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Could Perry's '10 campaign serve as a roadmap for '12?

Less than four months before the first GOP nominating contests are expected to begin, the narrative of the 2012 presidential primary is shaping up to sound something like this: Texas Gov. Rick Perry will pit his unapologetic anti-establishment rhetoric against Mitt Romney's discipline, network of political professionals, and appeal to a broad general electorate.
While the GOP contest might not be that clear-cut in reality -- and the race is sure to see more twists and turns ahead -- that's still a metaphorical shootout that Perry would like to have.

After all, he won a similar fight two years ago without appearing to break a sweat at the end. And it's a playbook he might rely on more heavily after a series of tough debate performances, as well as his upset loss at the Florida Straw Poll.
Perry's 2010 gubernatorial primary contest against Kay Bailey Hutchison should have been a nail-biter. By many accounts the most popular politician in Texas, Hutchison was known as a competent fighter for the state's interest, and she had the backing of Karl Rove and other establishment Republicans. And after winning only 39% of the vote in his 2006 re-election as Texas governor, Perry was facing lower approval ratings and grumblings about his decision to run for a third term.
But Perry, a cotton farmer turned politician, sensed a change in the weather.
On Tax Day 2009 -- as most D.C. Republicans were warily eying "Tea Party" groups and gingerly testing what looked like cracks in the Republican Party's foundations -- Perry was donning a bomber jacket and taking the stage at a rally of those frustrated Texans.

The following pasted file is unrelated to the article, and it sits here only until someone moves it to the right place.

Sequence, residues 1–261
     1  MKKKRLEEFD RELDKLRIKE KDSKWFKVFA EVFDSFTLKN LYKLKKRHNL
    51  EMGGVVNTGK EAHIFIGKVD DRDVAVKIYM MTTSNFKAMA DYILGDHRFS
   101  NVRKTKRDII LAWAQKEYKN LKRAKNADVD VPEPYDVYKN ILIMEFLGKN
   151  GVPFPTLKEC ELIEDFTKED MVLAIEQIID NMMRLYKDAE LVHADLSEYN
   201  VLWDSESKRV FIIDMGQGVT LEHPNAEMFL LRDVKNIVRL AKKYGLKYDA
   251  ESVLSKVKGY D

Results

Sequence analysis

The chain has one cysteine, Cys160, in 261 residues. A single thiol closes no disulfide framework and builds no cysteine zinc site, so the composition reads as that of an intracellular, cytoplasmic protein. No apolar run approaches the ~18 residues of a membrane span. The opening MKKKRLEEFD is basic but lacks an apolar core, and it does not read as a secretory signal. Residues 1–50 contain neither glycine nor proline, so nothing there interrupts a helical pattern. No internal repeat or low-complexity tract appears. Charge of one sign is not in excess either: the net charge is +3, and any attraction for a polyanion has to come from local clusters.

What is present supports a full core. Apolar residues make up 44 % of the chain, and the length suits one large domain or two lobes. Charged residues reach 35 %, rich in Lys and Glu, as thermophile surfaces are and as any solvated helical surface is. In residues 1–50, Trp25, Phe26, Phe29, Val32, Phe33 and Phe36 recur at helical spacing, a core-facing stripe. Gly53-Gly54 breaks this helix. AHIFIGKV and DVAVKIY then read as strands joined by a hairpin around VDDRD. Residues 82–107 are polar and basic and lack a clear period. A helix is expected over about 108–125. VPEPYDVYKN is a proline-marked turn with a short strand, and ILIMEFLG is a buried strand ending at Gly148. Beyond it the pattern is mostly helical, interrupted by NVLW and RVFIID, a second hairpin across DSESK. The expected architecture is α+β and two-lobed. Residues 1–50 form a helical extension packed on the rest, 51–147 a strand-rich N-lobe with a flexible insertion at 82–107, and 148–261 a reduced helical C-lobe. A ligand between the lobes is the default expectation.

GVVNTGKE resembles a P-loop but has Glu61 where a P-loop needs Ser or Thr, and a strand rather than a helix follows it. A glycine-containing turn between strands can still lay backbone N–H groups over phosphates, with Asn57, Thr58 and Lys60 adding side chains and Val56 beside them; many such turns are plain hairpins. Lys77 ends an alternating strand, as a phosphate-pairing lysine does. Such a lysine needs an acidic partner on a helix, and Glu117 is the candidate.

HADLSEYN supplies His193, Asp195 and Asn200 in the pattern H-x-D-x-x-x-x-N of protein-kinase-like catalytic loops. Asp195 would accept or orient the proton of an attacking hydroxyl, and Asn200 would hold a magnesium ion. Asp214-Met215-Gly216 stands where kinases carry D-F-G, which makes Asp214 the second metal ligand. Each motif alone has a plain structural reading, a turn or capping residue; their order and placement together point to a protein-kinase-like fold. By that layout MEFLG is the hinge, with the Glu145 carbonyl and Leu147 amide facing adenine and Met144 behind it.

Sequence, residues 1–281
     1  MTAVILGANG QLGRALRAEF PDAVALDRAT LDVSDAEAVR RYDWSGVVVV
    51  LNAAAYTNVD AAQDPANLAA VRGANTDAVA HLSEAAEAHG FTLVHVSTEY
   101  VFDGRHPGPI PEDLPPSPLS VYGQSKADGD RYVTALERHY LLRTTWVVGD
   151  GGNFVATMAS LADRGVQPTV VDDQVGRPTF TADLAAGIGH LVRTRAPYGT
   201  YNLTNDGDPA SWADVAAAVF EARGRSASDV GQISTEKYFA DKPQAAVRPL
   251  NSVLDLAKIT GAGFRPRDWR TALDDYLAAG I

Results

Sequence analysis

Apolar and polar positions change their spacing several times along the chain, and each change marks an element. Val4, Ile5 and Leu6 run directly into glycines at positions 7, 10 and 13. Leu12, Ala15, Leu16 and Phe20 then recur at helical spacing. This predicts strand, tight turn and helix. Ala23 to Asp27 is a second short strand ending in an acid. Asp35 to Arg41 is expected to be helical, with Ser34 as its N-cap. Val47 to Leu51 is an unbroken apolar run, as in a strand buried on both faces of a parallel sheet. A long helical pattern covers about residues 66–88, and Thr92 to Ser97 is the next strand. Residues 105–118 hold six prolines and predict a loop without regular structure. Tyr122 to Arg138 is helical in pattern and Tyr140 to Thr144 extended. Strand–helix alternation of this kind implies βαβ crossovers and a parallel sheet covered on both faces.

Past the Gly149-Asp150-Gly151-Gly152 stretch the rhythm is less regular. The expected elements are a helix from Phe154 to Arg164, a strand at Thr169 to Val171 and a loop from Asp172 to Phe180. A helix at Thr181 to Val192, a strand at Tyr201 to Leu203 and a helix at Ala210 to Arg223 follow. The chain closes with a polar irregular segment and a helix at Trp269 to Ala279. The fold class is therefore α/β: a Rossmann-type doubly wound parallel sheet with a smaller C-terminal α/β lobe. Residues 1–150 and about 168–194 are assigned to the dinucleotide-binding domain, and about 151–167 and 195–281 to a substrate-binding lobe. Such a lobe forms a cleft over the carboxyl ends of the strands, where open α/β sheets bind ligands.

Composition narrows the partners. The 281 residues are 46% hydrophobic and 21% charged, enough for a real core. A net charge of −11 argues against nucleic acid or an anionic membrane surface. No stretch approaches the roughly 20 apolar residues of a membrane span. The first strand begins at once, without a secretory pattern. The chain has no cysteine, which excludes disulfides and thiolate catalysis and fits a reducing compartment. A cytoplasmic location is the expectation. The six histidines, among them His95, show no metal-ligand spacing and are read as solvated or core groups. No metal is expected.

"I'm just not real sure you're a bunch of right-wing extremists," Perry bellowed to activists in Austin. "But if you are, we're with you."
The Tea Party crowd erupted in cheers:

April 16: Texas Gov. Rick Perry addresses a tax day "tea party," telling the audience that Washington is overturning their rights, and ignoring limits on federal power.

After the same event, Perry suggested to reporters that Texas could secede from the union if Washington “continues to thumb their nose at the American people.”
The anti-Washington wave wouldn't crash nationwide for another 19 months on Election Day, but with those statements, Perry positioned himself at its head.
“That was the tipping point in the race” said Southern Methodist University political science professor Calvin Jillson. “Perry understood that there was a change taking place in public perception of government."
Branding “Washington Kay”
At the same time, Perry's team was discovering that Hutchison's support was more shallow than it seemed -- especially among those in the new movement Perry was riding.
"Kay was casually well-liked," said Perry pollster Mike Baselice. "She hadn't had a real challenge since her special election. A lot of people just said, 'Oh yeah, Kay's great.’ But as soon as you explained her record to Republican primary voters, they took off and ran the other way. They had no idea."
Team Perry set out to make sure those voters got an idea.
Texans soon started hearing their senior senator dubbed "Kay Bailout" to underscore her support of the unpopular TARP bill. Perry's opposition research website lived atwww.WashingtonKay.com. Hutchison’s record on earmarks -- in earlier times viewed as a quantitative record of a lawmaker's willingness to fight for federal resources for the state –- became one of her greatest liabilities.